While we seem to be left with two Biden non-answers, Biden’s non-answer on America’s system of justice (or as Biden would have it, “injustice”) gives us his implicit answer on packing the court. The key to that answer lies in Biden’s most important political audience. 

Above all others, Biden must appease the left politically; he cannot win without them. Biden ran his entire nomination campaign at them and away from his establishment past. To understand his non-answers, we must listen to his responses through the ears of the left. 

Biden’s ambiguous answer on America’s “systemic injustice” enforced by “good” police is not ambiguous to the left at all. For the left, there is no redemption for a good individual within a bad system. For them, such a contradiction cannot exist. If individuals participate in a bad system, they are defined by it and they do not lessen it. This lies at the heart of their cancel culture and drives their destruction of the statues of American historical figures. For the left, an individual existing in a system they deem to be bad is not pardoned, but guilty by association. 

Likewise, if there is a bad system, the left demands it be changed. Biden and the left do not see America’s “bad system” as being limited to policing alone. When asked during the debate, Biden readily broadened his criticism far beyond just the justice system to “education and work,” which encompasses the bulk of Americans’ lives. 

Facing such “systemic injustice,” as Biden described it, then everything is justified in addressing it. With such a mindset, packing the court is not just permissible, but assuredly required by the left.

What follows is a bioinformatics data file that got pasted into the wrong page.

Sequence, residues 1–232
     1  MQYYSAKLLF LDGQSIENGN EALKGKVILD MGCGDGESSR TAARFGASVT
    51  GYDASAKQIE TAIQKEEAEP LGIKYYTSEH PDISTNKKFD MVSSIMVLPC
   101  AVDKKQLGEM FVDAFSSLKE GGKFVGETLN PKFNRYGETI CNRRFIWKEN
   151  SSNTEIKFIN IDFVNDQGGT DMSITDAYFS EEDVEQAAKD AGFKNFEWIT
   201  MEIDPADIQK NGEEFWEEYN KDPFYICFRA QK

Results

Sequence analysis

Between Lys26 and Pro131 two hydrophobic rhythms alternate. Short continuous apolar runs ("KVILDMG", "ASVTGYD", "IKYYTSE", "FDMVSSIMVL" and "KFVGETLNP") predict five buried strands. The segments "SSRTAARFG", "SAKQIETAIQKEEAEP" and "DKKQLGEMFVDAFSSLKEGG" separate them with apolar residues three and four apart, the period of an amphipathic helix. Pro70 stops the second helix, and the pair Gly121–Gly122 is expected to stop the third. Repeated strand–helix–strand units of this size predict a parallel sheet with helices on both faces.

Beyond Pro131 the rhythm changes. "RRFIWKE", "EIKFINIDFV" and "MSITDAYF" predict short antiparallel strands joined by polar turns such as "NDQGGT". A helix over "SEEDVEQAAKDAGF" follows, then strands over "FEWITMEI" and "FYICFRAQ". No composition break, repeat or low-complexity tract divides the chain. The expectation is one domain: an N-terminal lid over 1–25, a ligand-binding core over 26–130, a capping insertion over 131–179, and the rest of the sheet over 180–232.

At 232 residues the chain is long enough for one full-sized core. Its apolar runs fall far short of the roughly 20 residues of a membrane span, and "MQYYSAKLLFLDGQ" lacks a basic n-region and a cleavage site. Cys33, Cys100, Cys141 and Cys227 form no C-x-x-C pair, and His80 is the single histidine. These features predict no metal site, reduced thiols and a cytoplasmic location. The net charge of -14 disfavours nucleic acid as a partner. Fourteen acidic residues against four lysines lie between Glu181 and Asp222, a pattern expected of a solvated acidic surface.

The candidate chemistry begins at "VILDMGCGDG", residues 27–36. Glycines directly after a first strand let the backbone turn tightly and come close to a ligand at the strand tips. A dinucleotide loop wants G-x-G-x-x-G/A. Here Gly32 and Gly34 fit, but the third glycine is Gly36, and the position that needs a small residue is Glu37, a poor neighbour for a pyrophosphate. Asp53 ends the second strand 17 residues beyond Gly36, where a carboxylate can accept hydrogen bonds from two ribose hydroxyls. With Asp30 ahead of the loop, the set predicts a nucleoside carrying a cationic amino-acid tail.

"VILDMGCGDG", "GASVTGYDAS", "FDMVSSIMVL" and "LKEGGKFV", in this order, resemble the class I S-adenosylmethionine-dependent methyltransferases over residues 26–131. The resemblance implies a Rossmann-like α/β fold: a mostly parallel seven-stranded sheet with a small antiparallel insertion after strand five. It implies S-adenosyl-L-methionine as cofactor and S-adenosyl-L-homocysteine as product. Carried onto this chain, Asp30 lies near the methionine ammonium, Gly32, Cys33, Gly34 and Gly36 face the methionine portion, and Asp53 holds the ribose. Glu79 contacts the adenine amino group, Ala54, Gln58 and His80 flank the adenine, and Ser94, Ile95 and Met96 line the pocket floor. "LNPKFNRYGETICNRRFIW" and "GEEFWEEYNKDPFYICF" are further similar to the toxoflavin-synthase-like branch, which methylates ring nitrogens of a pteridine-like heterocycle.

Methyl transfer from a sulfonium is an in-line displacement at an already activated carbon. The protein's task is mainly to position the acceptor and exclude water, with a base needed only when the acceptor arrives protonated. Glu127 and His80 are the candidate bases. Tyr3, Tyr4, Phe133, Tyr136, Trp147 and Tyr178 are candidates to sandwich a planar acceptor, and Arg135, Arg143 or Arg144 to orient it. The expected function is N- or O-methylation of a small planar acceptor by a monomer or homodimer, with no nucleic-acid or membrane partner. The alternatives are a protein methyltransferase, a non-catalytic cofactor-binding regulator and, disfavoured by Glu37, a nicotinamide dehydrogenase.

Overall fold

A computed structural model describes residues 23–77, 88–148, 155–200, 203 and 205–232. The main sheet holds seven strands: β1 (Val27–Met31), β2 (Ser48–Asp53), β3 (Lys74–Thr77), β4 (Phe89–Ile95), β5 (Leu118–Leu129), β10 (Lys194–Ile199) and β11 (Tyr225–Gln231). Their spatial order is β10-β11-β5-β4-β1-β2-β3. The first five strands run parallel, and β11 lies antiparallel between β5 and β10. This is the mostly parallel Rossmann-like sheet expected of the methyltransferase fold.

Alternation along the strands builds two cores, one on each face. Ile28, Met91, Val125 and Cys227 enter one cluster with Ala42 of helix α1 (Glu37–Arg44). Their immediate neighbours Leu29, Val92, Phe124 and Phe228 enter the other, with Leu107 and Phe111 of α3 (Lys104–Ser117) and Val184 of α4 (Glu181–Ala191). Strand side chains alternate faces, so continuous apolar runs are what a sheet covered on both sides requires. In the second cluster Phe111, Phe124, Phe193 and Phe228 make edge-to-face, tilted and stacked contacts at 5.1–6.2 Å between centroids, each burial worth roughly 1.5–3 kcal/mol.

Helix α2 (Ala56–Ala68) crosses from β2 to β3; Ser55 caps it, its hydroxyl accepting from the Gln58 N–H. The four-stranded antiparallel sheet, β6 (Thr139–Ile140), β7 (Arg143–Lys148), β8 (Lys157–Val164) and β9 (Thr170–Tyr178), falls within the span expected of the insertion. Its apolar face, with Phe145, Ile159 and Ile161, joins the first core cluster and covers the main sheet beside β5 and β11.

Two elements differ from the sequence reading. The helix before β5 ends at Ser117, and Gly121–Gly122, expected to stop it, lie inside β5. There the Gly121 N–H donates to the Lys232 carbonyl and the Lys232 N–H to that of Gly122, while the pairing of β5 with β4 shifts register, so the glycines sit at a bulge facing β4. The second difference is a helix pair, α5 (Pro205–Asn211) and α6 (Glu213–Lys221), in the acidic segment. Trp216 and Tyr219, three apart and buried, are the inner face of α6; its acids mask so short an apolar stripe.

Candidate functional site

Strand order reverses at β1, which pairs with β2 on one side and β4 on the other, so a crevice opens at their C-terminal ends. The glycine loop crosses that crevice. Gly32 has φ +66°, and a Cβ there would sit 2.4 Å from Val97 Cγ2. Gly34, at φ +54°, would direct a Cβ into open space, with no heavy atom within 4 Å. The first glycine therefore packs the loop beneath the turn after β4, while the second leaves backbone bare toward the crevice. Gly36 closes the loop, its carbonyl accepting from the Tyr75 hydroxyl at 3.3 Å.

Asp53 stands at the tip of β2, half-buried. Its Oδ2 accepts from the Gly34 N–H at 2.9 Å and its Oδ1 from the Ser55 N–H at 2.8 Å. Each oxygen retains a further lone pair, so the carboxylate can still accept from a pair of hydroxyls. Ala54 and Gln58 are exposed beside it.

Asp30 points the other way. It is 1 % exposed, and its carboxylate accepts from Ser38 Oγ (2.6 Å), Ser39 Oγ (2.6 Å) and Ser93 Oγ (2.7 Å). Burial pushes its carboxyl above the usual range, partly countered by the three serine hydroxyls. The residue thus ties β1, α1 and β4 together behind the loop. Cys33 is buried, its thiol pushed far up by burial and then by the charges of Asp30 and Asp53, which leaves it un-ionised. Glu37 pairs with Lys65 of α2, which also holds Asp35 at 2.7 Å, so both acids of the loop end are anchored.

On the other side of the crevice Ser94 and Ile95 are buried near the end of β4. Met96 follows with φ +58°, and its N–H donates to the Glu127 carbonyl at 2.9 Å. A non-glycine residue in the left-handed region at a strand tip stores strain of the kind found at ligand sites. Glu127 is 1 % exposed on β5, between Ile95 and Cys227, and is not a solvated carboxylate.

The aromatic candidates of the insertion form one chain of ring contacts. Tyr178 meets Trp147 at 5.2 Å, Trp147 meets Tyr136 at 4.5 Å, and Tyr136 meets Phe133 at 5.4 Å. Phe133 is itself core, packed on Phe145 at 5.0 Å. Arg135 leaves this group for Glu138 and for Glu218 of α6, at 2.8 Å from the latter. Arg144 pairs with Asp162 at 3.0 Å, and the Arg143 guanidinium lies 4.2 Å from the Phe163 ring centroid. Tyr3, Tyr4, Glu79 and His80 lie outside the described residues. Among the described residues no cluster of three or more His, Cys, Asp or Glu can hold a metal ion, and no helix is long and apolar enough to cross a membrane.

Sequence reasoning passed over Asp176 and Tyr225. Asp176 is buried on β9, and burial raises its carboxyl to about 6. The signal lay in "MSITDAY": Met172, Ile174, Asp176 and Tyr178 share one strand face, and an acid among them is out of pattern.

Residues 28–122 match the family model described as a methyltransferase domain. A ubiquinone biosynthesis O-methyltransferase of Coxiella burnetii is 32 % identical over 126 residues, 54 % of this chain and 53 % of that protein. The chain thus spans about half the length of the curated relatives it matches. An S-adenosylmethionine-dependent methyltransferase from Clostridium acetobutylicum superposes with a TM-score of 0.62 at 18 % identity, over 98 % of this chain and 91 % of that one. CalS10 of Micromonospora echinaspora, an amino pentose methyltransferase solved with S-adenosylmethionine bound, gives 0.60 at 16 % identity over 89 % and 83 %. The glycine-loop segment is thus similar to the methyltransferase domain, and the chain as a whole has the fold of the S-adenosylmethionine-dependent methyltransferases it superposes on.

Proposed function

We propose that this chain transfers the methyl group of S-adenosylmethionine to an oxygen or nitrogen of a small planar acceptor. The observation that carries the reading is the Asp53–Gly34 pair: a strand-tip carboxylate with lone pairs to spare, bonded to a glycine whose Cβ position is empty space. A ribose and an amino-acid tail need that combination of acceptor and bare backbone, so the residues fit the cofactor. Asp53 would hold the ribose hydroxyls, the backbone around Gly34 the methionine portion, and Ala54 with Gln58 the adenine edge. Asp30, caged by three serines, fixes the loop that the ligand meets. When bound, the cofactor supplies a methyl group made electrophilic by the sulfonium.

Of course, Biden’s ambiguous answer on America’s justice system — condemning the system but exonerating those operating it — was done with moderate independent voters in mind. These are people Biden does not want to worry now as he tries to appeal to the left. The problem is that while moderate independent voters may be in Biden’s mind, the left are in his vanguard. 

By seeking to ambiguously state his position on America’s police and justice system, Biden has inadvertently removed any ambiguity from his non-answer on packing the court. For the left, to whom Biden is beholden, the Supreme Court is just a means, not an end, to enforcing a broad judicial reformulation across American society — education and work and law enforcement.”

The left’s aim is not just packing the court, but repacking what they see as America’s inequitable society. This is what they are hearing in Biden’s answers — and will be demanding later.

J.T. Young served under President George W. Bush as the director of communications in the Office of Management and Budget and as deputy assistant secretary in legislative affairs for tax and budget at the Treasury Department. He served as a congressional staffer from 1987 through 2000.